Energy For Members

How Germany is planning to cap electricity prices

The Local
The Local - [email protected] • 20 Oct, 2022 Updated Thu 20 Oct 2022 08:22 CEST
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An adapter with multiple plug sockets. Photo: picture alliance/dpa | Sina Schuldt

After announcing plans for a gas price cap to tide struggling households through winter, Germany's Economics Ministry has drafted proposals for an additional cap on electricity bills.


Households in Germany concerned about rising electricity bills could soon get some clarity on the relief they can expect.

In an 18-page plan released on Wednesday, the Economics Ministry laid the groundwork for a cap on electricity prices that would be implemented alongside the forthcoming gas price cap. 

The government is currently working "at full speed on the national implementation of the European regulation" on corresponding emergency measures, the ministry announced. 

"The ideas for the German electricity price brake envisage that consumers will be provided with a discounted basic quota," it said. This would mean that, much like the planned gas price cap, households would be given a basic allowance of discounted electricity. Usage that exceeds this limit would then be subject to the much higher market prices. 

READ ALSO: Consumers in Germany face rising electricity costs in 2023


A household's annual consumption from previous years is likely to be used to determine how much electricity could be offered at the capped price. 

Alongside a huge rise in the cost of fossil fuels, electricity prices have also soared in recent months. This is largely to do with a peculiarity of the electricity market, where gas-fired power plants partially determine the cost of electricity. That means that many households could see their electricity bills double this year. 

At the same time, many producers aren't facing an equivalent rise in costs. Renewable energies, nuclear and lignite power plants produce comparatively cheaply and thus currently guarantee extremely high revenues on the electricity exchanges - otherwise known as windfall profits.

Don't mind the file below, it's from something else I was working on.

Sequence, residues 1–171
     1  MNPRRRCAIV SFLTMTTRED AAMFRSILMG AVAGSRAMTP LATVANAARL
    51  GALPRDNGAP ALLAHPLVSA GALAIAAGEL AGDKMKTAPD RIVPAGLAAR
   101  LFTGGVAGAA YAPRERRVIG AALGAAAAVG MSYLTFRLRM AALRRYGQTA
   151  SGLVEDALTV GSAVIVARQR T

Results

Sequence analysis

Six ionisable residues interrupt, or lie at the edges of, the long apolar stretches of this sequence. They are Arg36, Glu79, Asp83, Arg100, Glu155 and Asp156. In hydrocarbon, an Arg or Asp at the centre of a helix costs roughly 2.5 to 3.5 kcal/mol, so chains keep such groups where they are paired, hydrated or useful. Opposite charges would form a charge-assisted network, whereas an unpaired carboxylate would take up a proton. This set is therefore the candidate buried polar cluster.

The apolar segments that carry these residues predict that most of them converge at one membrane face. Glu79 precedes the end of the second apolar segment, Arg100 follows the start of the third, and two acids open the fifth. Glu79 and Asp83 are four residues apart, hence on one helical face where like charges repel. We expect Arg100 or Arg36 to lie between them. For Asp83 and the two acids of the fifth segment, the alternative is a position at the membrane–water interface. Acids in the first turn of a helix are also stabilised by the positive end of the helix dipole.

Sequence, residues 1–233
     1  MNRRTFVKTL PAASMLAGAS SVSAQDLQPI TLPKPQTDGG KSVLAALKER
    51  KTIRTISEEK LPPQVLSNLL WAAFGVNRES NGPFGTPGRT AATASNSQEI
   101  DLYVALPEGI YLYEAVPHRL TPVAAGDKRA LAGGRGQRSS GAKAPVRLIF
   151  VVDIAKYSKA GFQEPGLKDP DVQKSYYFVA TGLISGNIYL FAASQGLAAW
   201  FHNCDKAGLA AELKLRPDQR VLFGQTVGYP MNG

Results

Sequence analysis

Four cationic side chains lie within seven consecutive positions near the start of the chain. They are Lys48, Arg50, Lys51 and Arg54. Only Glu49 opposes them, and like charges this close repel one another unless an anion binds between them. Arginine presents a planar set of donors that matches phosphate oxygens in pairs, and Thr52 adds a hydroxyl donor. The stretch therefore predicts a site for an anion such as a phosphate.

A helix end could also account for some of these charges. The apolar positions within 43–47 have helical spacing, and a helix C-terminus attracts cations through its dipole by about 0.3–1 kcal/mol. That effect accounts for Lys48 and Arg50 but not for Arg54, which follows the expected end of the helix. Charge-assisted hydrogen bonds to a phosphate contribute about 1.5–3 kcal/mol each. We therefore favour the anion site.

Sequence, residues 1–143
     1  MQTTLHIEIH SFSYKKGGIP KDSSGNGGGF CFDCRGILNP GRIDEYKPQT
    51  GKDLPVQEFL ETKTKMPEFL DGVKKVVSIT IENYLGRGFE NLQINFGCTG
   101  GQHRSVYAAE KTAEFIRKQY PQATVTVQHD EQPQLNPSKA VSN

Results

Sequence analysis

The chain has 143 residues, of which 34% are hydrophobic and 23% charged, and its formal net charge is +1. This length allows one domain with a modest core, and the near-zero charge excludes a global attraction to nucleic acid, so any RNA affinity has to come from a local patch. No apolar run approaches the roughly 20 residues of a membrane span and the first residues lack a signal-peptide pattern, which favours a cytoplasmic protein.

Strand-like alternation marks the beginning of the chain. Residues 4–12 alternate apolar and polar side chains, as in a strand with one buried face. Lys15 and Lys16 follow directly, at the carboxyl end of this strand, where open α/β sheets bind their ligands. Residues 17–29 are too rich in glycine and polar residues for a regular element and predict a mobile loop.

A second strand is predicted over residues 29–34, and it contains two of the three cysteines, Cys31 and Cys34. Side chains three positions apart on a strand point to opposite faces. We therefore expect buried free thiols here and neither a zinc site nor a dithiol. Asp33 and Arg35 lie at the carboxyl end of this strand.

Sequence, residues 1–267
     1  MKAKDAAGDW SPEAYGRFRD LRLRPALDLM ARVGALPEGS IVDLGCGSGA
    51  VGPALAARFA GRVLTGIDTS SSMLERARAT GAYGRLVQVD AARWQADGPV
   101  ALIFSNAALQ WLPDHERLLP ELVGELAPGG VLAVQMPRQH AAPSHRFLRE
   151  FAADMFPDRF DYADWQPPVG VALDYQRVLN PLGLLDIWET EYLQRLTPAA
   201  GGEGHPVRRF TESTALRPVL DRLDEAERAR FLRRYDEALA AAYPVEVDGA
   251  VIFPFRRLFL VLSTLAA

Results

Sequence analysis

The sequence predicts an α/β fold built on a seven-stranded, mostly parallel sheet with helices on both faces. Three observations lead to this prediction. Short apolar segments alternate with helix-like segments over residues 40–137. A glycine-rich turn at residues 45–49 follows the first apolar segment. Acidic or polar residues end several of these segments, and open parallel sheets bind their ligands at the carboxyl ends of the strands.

The EU Commission has therefore introduced a framework for a levy on excess electricity profits, but at Germany's insistence, member states have been given a lot of leeway on how to implement this.

Under the draft plans obtained by Handelsblatt, the new price break would "partially decouple the electricity price from the gas price on electricity bills".

The relief on electricity for households and businesses should also be "consistent with the implementation of the gas price brake", the ministry explained. 

According to Handelsblatt, the Economics Ministry is considering introducing profit levies for renewable energies, mine gas power plants, waste power plants, nuclear power plants, lignite power plants and power plants that burn oil. To do this, the ministry would calculate the costs of each producer and put a "safety margin" in place to ensure that the businesses aren't disadvantaged by any miscalculations. 

Profits in excess of this would then be taxed at 90 percent.

However, the ministry is also waiting to hear the advice of the gas price commission on how best to proceed with a price cap and windfall profit tax. 

"As far as possible and reasonable" there will be a "uniform implementation of gas and electricity price brakes", the draft explained. According to the paper, the cabinet is due to vote on the measures on November 18th. 





The Local 2022/10/20 08:22

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